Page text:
Right after the Colorado amendment passed, the Colorado Psychological Association took a strong stand against the amendment and asked for support from other SPTAs.As Ohio Psychological Association President, I immediately asked our Board to have a difficult discussion to consider support for CPA’s position. OPA had not historically taken formal positions on such issues.Following the discussion, we voted affirmatively and sent a strong statement of support for LGBT rights in support of the Colorado Psychological Association, the first SPTA to do so.Many SPTAs did not respond, either because they did not agree or because they did not take positions on “social issues.”The Ohio Psychological Association has maintained a policy in support of LGBT rights since that time and has continued to act consistently with this policy up to the present.
e. I have testified regarding LGBT legal rights and have presented the data and case for LGBT marriage and parenting in a church-hosted debate in Columbus, Ohio.
f. Throughout my time in APA governance, I have actively supported and advocated for LGBT issues such as practice guidelines, position statements, addressing Footnote 2, and amicus briefs. I have served on the Division 44 Executive Board (2010-2012) and as Division 44 Council Representative (2013). In 2008, I conducted a one-day long range planning retreat for the Division 44 Executive Board. In 2012, I facilitated the Division 44 Mid-Year Retreat on Strategic Planning with Ruth Fassinger.
g. I have supported and worked on a number of initiatives related to diversity and inclusion at APA. For example, in 2005, I designed and coordinated the initial diversity training for the Council of Representatives on unconscious bias, presented by John Dovidio, Toy Caldwell-Colbert and myself and adapted the design to bring it to the Spring Consolidated meetings presented by John Dovidio, Derald Wing Sue and myself. LGBTQ issues, among others, were included as examples of unconscious bias. As another example, I co-chaired the Council workgroup to pass the first set of Multicultural Guidelines. Further, as Chair of the Executive Committee of the Leadership Institute for Women in Psychology, we have worked hard to recruit women of many diversities. Every leadership development program I have helped to establish in psychology organizations has had a strong emphasis on full diversity and inclusion of its participants and content, including LGBTQ people and issues. I have tried to be a good ally for the full range of diversity and inclusion at APA.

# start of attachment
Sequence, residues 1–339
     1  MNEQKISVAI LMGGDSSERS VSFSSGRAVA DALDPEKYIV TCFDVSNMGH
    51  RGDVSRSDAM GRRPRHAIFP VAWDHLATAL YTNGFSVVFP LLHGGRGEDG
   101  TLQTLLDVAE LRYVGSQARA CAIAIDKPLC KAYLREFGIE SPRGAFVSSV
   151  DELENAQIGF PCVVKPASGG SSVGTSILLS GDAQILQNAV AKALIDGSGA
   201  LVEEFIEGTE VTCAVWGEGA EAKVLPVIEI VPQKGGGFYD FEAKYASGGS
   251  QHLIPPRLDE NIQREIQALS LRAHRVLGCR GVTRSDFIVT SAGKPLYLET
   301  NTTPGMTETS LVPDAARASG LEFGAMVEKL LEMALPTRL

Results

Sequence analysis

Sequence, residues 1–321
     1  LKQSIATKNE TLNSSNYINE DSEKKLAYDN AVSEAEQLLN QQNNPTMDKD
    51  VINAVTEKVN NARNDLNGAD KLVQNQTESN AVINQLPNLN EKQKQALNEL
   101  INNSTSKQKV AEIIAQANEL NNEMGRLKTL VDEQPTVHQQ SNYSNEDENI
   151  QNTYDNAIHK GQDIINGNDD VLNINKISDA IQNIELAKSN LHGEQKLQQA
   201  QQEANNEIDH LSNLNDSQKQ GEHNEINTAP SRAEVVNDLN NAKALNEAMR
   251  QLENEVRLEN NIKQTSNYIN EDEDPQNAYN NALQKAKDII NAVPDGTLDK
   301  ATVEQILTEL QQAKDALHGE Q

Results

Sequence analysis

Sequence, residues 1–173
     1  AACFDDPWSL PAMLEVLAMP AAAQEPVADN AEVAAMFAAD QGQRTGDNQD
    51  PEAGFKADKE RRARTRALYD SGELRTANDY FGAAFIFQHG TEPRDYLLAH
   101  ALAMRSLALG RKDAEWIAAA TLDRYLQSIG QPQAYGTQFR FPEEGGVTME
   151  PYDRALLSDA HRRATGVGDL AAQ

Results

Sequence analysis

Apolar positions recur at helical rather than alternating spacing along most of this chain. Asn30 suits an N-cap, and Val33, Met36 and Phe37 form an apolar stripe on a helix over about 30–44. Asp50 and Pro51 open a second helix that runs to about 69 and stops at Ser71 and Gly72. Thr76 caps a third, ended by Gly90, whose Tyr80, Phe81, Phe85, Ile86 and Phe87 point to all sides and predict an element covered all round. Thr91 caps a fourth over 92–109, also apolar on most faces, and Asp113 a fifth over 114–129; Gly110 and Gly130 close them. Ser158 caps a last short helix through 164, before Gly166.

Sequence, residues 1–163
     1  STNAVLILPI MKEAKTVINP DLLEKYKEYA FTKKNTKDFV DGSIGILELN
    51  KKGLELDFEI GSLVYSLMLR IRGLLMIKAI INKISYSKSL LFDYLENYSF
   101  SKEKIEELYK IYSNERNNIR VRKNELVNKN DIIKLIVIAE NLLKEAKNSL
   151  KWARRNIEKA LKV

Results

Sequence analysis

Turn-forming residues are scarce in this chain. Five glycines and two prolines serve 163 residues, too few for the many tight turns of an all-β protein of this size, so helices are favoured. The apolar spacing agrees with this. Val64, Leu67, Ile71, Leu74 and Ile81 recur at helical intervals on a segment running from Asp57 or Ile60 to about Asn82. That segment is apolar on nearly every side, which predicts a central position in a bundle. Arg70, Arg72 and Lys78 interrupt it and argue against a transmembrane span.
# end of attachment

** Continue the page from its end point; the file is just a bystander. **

h. Along with Ruth Fassinger and Michael Stevenson, we co-authored an article on an affirmative model for LGBT leadership for an American Psychologist special issue on diversity and leadership. This article represents one of the first articles specifically addressing LGBT leadership issues.
Question 2: What is your explicit statement of commitment to advance lesbian, gay, bisexual and transgender issues in psychology during your presidential term?
As APA President, I am committed to the following:
a. Promoting strong advocacy efforts for a wide array of LGBTQ rights which are currently being compromised in many areas at both state and national levels. We need to bring our best science to these efforts as we are well recognized as a major source of knowledge for public policy. Some of the issues we need to address include the following: